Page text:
Cité Internationale, Lyon, France
August 23-26, 2007.
Abstract—The study aims to define the technical, ethical,
juridical and economic issues involved in the assessment of a
reprocessing policy for single-use interventional cardiac devices
(SUDs). The feasibility of reprocessing was evaluated for
cardiac electrophysiology catheters by comparing the
chemical, physical and functional properties of new and
reprocessed devices. The issue of hygiene was addressed by
developing microbiological tests for the quantification of
bioburden, sterility and pyrogenic load. The results of more
than 1500 tests, conducted on 531 catheters, suggested a
precautionary number of regenerations of five cycles. The
ethical aspects were reviewed and the European juridical
framework was assessed, revealing a need for harmonization.
Applying a specific economic model, potential savings were
calculated for a representative cardiology department and
estimated at national and European level. Potential savings of
41.2% and 32.9% were calculated for diagnostic and ablation
catheters, respectively. Safe and effective reprocessing of SUDs
could be pursued if quality control processes and certified
procedures are met. A reprocessing policy in EP laboratory
could lead to savings of about 27250 euros per 100,000
population, but the economic benefits are strongly dependent
on the maximum number of regenerations and the regeneration
INIMALLY invasive technology based on single-
use devices (SUDs) is of great importance in modern
medicine, but the increasing number of interventions and the
consequent economic burden on health care systems has led
many countries to consider a reprocessing policy. Although
there are conflicting results regarding the safety and
effectiveness of SUD reprocessing and reuse [1-3],
interventional cardiology is an area where such a policy
seems feasible [1,4-8].
In recent years, the clinical approach to percutaneous
treatment of arrhythmias
electrophysiology (EP) catheters have been developed for
mapping, recording from and ablating cardiac muscle. These
proprietary systems need devoted interfaces and specific
catheters that are usually difficult to clean and generally not
reprocessable. Nevertheless, many ablation procedures and
Manuscript received Apil 2, 2007. This work was supported by the SIX-
SICC Project, Safeness in Interventional Cardiology and Cardiac Surgery –
Fondo unico 2001, Provincia Autonoma di Trento.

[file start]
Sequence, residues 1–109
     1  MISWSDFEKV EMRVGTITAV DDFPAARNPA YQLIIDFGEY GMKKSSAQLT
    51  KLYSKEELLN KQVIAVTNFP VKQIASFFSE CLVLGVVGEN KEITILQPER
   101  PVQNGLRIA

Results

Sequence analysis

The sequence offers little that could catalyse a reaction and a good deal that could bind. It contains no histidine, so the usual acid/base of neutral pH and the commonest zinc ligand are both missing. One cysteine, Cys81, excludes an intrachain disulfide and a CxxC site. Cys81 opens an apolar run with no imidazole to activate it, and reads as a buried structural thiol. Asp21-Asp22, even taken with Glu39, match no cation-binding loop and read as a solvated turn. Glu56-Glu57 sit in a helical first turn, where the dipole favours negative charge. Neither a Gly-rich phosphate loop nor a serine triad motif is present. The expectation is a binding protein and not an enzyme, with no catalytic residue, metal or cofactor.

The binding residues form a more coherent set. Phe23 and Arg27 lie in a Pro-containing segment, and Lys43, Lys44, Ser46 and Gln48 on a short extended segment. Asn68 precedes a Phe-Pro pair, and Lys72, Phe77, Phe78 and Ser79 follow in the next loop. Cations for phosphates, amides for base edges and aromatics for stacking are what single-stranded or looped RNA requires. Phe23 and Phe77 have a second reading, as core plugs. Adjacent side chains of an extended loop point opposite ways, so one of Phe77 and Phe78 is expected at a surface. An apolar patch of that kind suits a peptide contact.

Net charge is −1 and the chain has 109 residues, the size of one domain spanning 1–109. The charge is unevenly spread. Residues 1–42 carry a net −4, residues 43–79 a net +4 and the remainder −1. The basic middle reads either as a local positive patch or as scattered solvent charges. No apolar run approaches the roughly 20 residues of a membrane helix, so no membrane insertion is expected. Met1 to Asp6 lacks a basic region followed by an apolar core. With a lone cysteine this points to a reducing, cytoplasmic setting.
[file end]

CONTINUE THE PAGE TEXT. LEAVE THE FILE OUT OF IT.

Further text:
F. Tessarolo is with the Department of Physics, University of Trento,
38050 Povo, Trento, Italy (e-mail: firstname.lastname@example.org).
M Disertori, I. Caola, G M. Guarrera, C. Favaretti are with the Azienda
Provinciale per i Servizi Sanitari, 38100 Trento, Italy.
G Nollo is with the Department of Physics, University of Trento, and
ITC-irst, Trento, Italy. (e-mail: email@example.com)
has changed. New
EP studies are conducted using simpler ablation and
recording catheters that can be considered for reprocessing.
Since SUD reprocessing represents the introduction of a
new health technology, a Heath Technology Assessment
(HTA) approach is required, whereby stringent criteria of
effectiveness, safety and suitability must be satisfied. The
available literature underlines the need to determine correct
sterilization techniques and relevant quality controls.
Guidelines for defining organizational procedures and
placing responsibilities for the use of reprocessed materials
should also be provided [5-8]. Important HTA reports on
SUD reuse have been delivered by international public
agencies [1,5,6,8]. All of these reviews, based on extensive
analyses of the best available evidence, highlight a
substantial gap in knowledge regarding the safety and
effectiveness of reprocessing. This gap demands original
This study aims to define the fundamental issues involved in
the assessment of a reprocessing policy for interventional
cardiac catheters according to the Health Technology
Assessment (HTA). The quality and safety of reprocessed
devices is addressed by experimental techniques providing
quantitative data on material properties, functionality and
hygiene. Ethical and juridical issues are also considered,
along with the economic implications. The technical data
and legal, bioethical and economic findings are finally
integrated to evaluate the applicability and suitability of
SUD reprocessing on EP catheters.
A. Priority Setting Definition
Following HTA methodologies, priority-setting indicated
a need for safety, ethical, legal and economic investigations
. Accordingly, the study focused on four issues: i)
physicochemical and functional testing of new and
reprocessed devices; ii)
quantification of bioburden and pyrogenic load, and
optimization of protocols for decontamination, cleaning and
sterilization; iii) comparative analysis of the legal and ethical
issues involved in the reprocessing and reuse of devices
labelled for single use; iv) cost analysis for the introduction
of a reprocessing policy.
microbiological tests for
B. Technical Aspects
The feasibility of reprocessing from a technical point of
view was evaluated on non-irrigated EP devices for
Health Technology Assessment on Reprocessing Single-use Catheters
for Cardiac Electrophysiology: Results of a Three-years Study
F. Tessarolo, M. Disertori, I. Caola, G. M. Guarrera, C. Favaretti, and G. Nollo
Proceedings of the 29th Annual International
Conference of the IEEE EMBS
1-4244-0788-5/07/$20.00 ©2007 IEEE1758
diagnostic and ablation, produced by major worldwide
manufacturers. A total of 182 EP devices were subjected to
physicochemical and functional studies.
The physicochemical properties of new and reprocessed
devices were assessed using optical microscopy (OM),
electron microscopy (EM), atomic force microscopy (AFM)
and infrared (IR) spectroscopy. To determine changes in
their properties with reprocessing, the devices were assessed
after different numbers of reprocessing cycles (0 to 14